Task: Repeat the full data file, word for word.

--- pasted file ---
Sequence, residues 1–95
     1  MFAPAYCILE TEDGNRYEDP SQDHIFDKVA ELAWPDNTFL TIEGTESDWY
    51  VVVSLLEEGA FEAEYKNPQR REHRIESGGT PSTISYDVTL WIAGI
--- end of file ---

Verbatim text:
Sequence, residues 1–95
     1  MFAPAYCILE TEDGNRYEDP SQDHIFDKVA ELAWPDNTFL TIEGTESDWY
    51  VVVSLLEEGA FEAEYKNPQR REHRIESGGT PSTISYDVTL WIAGI